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Research Papers

Speeding Up Particle Trajectory Simulations Under Moving Force Fields using Graphic Processing Units

[+] Author and Article Information
Robert Patro

Department of Computer Science, Institute for Advanced Computer Studies,  University of Maryland, College Park, MD 20742rob@cs.umd.edu

John P. Dickerson

Institute for Advanced Computer Studies,  University of Maryland, College Park, MD 20742johnd@umiacs.umd.edu

Sujal Bista

Department of Computer Science, Institute for Advanced Computer Studies,  University of Maryland, College Park, MD 20742sujal@cs.umd.edu

Satyandra K. Gupta

Department of Mechanical Engineering, Institute for Systems Research,  University of Maryland, College Park, MD 20742skgupta@umd.edu

Amitabh Varshney

Department of Computer Science Institute for Advanced Computer Studies  University of Maryland College Park, MA 20742varshney@cs.umd.edu

J. Comput. Inf. Sci. Eng 12(2), 021006 (May 22, 2012) (8 pages) doi:10.1115/1.4005718 History: Received June 14, 2011; Revised October 10, 2011; Published May 21, 2012; Online May 22, 2012

In this paper, we introduce a graphic processing unit (GPU)-based framework for simulating particle trajectories under both static and dynamic force fields. By exploiting the highly parallel nature of the problem and making efficient use of the available hardware, our simulator exhibits a significant speedup over its CPU-based analog. We apply our framework to a specific experimental simulation: the computation of trapping probabilities associated with micron-sized silica beads in optical trapping workbenches. When evaluating large numbers of trajectories (4096), we see approximately a 356 times speedup of the GPU-based simulator over its CPU-based counterpart.

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Copyright © 2012 by American Society of Mechanical Engineers
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Figures

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Figure 1

The CUDA architecture provides for a logical hierarchy of parallelism that maps well to the hardware. The computational kernel is run in parallel among a large number of threads which are grouped into 1, 2, or 3 dimensional thread blocks. Threads within a block may communicate using the shared memory or coordinate execution using synchronization primitives. The blocks are likewise grouped into 1, 2, or 3 dimensional grids. Each thread is able to access its own grid, block and thread identifiers.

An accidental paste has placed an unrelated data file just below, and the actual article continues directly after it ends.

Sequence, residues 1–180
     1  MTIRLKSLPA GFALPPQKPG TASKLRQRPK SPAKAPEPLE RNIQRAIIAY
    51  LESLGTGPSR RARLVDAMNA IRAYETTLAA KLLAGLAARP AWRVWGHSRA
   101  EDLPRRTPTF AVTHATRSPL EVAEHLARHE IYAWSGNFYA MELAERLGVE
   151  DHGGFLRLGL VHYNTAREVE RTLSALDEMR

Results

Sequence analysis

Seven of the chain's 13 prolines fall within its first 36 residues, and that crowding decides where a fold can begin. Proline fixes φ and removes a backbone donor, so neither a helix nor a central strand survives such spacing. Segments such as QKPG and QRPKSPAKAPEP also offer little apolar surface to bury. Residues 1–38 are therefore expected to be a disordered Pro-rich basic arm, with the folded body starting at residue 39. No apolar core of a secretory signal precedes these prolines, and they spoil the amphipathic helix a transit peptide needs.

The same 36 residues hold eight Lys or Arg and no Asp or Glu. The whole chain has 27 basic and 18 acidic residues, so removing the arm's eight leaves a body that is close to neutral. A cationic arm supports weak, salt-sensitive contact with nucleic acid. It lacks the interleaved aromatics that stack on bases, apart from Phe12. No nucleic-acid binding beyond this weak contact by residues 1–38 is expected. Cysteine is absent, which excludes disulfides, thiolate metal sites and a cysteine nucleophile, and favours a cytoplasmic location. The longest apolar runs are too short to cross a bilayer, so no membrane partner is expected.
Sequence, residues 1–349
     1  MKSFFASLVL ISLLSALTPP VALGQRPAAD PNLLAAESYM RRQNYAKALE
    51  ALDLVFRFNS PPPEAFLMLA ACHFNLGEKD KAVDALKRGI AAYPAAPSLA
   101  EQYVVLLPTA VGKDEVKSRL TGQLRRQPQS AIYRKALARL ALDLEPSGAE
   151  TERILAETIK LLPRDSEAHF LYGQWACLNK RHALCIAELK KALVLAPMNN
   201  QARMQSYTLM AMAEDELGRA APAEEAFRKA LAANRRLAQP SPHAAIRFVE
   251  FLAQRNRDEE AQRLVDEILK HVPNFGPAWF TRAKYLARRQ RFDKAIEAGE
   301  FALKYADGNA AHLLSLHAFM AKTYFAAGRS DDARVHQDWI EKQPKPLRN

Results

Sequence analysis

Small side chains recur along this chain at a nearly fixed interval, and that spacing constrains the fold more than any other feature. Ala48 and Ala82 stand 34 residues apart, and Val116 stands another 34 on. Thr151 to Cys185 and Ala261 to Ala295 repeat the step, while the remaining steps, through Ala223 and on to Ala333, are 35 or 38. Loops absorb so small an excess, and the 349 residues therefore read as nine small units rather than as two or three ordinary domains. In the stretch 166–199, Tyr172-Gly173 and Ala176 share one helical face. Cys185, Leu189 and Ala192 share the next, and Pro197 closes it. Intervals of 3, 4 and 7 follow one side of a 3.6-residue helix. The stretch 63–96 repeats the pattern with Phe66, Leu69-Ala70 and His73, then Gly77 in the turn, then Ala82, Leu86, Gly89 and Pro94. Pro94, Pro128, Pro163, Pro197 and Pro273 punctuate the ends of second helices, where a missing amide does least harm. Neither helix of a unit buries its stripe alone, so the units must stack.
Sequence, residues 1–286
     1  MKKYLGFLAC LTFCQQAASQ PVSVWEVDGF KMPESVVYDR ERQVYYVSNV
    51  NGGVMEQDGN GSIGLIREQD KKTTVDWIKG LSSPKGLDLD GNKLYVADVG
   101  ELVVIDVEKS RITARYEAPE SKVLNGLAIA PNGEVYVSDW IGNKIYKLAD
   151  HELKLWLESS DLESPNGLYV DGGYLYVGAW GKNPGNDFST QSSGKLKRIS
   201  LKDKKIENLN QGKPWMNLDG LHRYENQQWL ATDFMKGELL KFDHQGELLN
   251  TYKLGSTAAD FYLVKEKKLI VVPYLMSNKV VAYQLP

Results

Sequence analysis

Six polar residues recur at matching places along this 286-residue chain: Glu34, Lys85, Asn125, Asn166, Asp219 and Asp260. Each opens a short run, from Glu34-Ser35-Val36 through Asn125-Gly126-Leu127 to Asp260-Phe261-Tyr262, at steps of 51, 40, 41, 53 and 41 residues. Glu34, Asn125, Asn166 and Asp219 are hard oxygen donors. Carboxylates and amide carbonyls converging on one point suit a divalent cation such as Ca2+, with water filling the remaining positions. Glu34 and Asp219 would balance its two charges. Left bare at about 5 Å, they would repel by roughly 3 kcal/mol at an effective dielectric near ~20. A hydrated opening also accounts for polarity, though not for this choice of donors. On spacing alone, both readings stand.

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Figure 2

An overview diagram of our system showing the distribution of work and the flow of data between the host and the device (GPU). Currently, the host is used only to load the initial simulation parameters and set the initial particle positions. The device performs the simulation of the particle trajectories and returns the final positions to the host, which then simply computes the fraction of trapped particles corresponding to each initial position.

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Figure 3

This plot shows the probability of trapping a particle under the force exerted by a stationary laser with its focus at (0,0), and was generated using the GPU implementation detailed in this paper.

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Figure 4

This plot shows the absolute difference between the CPU and the GPU implementation of the probability of trapping a particle under the force exerted by a stationary laser with its focus at (0,0).

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Figure 5

This plot shows the probability of trapping a particle under the force exerted by laser moving at a constant velocity of 0.65 μm m s−1 in the direction (1,0), and was generated using the GPU implementation detailed in this paper.

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Figure 6

This plot shows the probability of trapping a particle under the force exerted by laser moving at a constant velocity of 0.325 μm m s−1 in the direction (0,−1), and was generated using the GPU implementation detailed in this paper.

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Figure 7

The running time required as a function of the number of trajectories calculated using both the CPU and GPU simulators. The plots have been placed on a log–log scale. The CPU simulator exhibits exactly the type of linear performance curve we expect, while GPU performance slowed by less than a factor of 2 between 8 and 4096 trajectories.

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